This is an update of a story published previously.
On December 19, 1663 Samuel Pepys wrote in his diary about running an errand: "Thence by coach to my shoemaker’s and paid all there, and gave something to the boys’ box against Christmas." It's one of the earliest references to the English tradition of putting together a box of money, gifts, hand-me-downs and even leftover food for servants who had to work Christmas day and got the next day off to spend with their families. I've written previously:
It was a holiday about equity- ensuring that everyone got a day off, even those who had to work on Christmas. It was a real buy-nothing day; you were supposed to use up what you had left over and give away what you didn't need.
When I was a kid, the stores were not even allowed to open; the sales started on the 27th, when we would all line up in front of Sam the Record Man to get the latest albums at big discounts.
Now Boxing Day is an orgy of consumption that starts early in the morning in English-speaking countries other than the USA, and is now even called Boxing Week to keep peddling the bargains until New Years. I suppose it makes good economic sense, clearing everything out at discount after the holiday, but it does miss the spirit of the day. It also isn't nearly as big a deal as it used to be, thanks to the spread of Black Friday and online shopping, which has seriously cut into it. Why wait until after the holidays for a bargain when you can get them any time?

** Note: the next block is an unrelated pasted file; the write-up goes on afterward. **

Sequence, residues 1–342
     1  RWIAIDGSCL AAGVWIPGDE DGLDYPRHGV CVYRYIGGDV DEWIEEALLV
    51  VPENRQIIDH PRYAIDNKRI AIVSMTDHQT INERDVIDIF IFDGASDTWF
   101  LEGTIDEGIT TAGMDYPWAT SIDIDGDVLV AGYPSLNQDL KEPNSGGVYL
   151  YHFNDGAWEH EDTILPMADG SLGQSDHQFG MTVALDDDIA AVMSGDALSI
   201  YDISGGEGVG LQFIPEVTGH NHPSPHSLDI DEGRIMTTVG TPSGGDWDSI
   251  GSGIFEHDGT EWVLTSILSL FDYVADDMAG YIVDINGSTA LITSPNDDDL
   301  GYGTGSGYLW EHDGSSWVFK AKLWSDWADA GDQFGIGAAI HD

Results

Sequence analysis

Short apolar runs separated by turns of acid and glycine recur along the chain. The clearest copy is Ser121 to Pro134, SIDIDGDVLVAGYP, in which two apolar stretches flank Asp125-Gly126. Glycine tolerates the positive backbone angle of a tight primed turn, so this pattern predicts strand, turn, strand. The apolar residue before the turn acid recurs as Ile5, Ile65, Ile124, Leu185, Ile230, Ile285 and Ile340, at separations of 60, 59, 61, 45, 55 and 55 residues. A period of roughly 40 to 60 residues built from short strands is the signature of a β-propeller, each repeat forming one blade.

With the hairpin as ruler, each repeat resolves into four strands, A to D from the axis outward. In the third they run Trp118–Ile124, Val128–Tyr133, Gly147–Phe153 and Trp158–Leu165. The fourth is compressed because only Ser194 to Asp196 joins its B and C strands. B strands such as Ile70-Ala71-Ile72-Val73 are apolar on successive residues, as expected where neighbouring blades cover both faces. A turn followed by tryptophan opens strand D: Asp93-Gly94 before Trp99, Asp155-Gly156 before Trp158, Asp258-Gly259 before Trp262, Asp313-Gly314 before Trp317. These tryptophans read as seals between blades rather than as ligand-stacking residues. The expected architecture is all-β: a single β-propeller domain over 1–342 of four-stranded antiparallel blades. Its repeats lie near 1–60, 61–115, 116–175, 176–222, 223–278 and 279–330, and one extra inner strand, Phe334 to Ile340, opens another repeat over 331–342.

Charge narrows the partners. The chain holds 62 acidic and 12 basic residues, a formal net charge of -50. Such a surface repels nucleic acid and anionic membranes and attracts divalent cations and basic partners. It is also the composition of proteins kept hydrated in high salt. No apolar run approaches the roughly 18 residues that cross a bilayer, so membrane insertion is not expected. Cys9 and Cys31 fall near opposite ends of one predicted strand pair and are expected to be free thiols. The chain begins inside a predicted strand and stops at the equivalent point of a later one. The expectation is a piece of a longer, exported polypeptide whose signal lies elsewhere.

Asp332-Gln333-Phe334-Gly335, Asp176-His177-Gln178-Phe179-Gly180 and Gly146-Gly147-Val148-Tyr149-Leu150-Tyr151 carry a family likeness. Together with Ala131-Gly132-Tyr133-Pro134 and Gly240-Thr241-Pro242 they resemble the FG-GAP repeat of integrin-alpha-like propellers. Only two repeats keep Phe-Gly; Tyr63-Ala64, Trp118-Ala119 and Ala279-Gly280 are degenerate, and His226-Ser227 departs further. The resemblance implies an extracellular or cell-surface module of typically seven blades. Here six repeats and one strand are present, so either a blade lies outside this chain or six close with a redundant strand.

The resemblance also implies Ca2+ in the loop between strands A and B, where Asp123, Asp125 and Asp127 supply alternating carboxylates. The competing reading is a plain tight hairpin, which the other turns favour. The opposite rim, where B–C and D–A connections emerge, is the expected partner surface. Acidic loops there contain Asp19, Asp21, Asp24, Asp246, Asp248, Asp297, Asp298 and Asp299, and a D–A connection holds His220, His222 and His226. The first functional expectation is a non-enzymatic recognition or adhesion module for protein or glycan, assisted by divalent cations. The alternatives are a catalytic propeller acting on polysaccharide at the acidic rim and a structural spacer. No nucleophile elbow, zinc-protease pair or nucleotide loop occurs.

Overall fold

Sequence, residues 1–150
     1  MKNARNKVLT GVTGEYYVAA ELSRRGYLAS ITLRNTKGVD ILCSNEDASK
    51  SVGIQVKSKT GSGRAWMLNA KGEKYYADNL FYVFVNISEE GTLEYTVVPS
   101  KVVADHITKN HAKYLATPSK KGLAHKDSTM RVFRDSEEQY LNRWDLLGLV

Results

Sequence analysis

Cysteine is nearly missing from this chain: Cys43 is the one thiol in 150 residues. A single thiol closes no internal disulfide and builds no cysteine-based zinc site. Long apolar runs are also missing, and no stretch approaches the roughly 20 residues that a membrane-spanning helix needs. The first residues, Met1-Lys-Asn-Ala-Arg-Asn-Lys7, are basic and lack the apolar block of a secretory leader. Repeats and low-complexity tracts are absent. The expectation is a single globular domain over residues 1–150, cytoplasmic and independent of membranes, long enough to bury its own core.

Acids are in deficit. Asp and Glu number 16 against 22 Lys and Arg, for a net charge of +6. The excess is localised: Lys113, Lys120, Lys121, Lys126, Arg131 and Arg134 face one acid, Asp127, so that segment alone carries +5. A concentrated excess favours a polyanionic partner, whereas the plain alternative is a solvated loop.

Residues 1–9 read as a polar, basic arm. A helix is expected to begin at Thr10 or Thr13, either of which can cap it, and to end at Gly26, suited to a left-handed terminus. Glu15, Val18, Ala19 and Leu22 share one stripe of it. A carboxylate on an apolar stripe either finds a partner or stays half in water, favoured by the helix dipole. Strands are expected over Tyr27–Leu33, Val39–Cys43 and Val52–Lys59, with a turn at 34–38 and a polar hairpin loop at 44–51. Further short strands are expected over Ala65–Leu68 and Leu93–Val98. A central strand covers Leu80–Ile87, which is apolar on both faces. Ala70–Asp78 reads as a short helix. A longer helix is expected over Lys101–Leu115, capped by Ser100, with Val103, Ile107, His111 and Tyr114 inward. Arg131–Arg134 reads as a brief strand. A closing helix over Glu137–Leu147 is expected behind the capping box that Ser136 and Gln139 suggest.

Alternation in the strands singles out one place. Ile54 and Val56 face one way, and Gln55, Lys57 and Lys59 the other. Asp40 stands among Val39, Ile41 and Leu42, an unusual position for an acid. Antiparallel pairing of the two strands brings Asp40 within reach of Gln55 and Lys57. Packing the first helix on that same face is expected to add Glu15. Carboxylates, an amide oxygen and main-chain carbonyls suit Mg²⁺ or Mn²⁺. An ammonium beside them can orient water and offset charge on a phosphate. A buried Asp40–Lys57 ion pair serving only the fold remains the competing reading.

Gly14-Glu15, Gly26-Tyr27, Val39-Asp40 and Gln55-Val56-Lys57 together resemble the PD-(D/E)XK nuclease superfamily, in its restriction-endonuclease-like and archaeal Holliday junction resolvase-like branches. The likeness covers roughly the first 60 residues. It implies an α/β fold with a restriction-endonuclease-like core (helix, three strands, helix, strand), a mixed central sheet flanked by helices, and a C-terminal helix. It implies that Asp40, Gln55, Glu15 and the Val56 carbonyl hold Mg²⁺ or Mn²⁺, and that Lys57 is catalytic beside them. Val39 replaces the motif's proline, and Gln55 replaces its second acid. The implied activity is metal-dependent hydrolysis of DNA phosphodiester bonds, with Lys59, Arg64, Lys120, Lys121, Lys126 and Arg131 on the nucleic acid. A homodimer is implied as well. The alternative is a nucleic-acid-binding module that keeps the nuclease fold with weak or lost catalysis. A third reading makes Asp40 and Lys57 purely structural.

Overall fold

My kids found Boxing Day to be a lot more fun than Christmas; they didn't spend half the day in the car visiting Grandma and Great-Grandma, listening to dad rant about how much stuff there was and how would we carry it all; they got to stay home in their jammies and play with the toys and eat all the leftover cookies.
Perhaps Americans were too egalitarian to have much of a servant class or too cheap to give them a day off, I don't know. But they are missing something, it is a great tradition.